Which histologic findings are characteristic of chronic granulomatous disease (CGD)?

Updated: Jul 29, 2019
  • Author: Roman J Nowicki, MD, PhD; Chief Editor: Dirk M Elston, MD  more...
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Answer

Chronic granulomatous disease (CGD) is histologically characterized by a mixed suppurative and granulomatous inflammation. A typical feature of visceral granulomas is the presence of golden-brown–pigmented histiocytes. Histochemical stains show that this material is composed of unsaturated fatty acids, phospholipids, and glycoproteins.

Periodic acid-Schiff (PAS) staining demonstrates the presence of carbohydrates, particularly polysaccharides such as mucoproteins. These substances stain reddish purple with the PAS reaction.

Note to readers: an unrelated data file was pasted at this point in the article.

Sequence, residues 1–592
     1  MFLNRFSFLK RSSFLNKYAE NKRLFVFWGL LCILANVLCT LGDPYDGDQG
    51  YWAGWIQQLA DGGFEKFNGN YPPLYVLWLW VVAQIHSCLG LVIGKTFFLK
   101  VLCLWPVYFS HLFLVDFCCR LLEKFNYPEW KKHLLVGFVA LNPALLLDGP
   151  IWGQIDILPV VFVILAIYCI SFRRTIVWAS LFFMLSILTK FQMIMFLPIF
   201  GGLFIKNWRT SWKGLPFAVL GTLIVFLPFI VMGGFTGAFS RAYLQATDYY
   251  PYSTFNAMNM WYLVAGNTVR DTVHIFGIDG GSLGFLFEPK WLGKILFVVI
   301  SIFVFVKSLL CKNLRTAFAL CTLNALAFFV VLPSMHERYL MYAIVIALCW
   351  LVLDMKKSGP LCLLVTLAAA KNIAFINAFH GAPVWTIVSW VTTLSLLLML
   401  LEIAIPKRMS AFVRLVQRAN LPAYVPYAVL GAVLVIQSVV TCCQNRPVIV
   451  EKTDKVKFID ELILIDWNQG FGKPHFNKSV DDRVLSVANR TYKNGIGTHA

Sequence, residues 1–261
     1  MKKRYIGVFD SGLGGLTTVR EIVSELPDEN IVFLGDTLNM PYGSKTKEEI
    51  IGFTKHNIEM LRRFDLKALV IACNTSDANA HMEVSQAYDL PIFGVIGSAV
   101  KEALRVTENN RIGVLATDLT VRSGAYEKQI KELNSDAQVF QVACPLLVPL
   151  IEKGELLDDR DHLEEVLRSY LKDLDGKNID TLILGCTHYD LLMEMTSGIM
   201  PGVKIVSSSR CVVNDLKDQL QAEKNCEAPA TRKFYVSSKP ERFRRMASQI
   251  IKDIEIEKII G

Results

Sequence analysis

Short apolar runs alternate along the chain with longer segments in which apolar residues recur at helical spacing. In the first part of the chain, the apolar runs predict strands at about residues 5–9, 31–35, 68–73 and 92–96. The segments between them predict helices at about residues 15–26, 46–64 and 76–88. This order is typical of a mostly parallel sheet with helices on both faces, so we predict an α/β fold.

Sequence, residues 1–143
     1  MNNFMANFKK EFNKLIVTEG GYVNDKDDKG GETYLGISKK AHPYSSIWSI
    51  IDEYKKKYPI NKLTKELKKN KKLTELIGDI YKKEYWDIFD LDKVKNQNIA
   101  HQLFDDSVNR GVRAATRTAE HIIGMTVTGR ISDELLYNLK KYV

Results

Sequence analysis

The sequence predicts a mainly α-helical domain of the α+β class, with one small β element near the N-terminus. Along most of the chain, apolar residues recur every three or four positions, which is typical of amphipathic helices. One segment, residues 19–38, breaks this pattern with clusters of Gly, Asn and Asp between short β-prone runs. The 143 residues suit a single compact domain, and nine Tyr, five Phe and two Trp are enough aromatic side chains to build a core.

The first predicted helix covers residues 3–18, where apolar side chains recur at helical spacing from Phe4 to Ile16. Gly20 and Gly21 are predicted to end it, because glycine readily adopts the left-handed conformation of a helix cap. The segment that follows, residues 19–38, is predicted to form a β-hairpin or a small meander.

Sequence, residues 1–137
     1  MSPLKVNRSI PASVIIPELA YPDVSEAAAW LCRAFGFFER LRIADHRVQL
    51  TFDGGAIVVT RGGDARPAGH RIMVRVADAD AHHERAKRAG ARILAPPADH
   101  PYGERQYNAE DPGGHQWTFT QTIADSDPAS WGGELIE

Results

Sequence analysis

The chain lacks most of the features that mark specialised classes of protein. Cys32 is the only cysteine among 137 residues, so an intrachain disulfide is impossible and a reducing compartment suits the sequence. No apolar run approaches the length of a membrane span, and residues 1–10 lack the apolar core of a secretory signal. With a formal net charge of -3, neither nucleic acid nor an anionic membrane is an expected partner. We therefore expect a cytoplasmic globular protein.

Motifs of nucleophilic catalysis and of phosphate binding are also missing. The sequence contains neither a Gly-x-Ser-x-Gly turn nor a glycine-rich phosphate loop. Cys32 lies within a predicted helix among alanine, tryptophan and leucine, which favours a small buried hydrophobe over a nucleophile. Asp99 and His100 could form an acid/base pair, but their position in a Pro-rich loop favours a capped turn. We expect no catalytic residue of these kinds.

Electron microscopic findings suggest that the pigment represents lipofuscin bodies and appears to be derived from lysosomes. Granulomas consist of neutrophils and macrophages that contain yellow inclusions with areas of necrosis.

Aspergillus species is shown below.

Scanning electron micrograph of Aspergillus specie Scanning electron micrograph of Aspergillus species.

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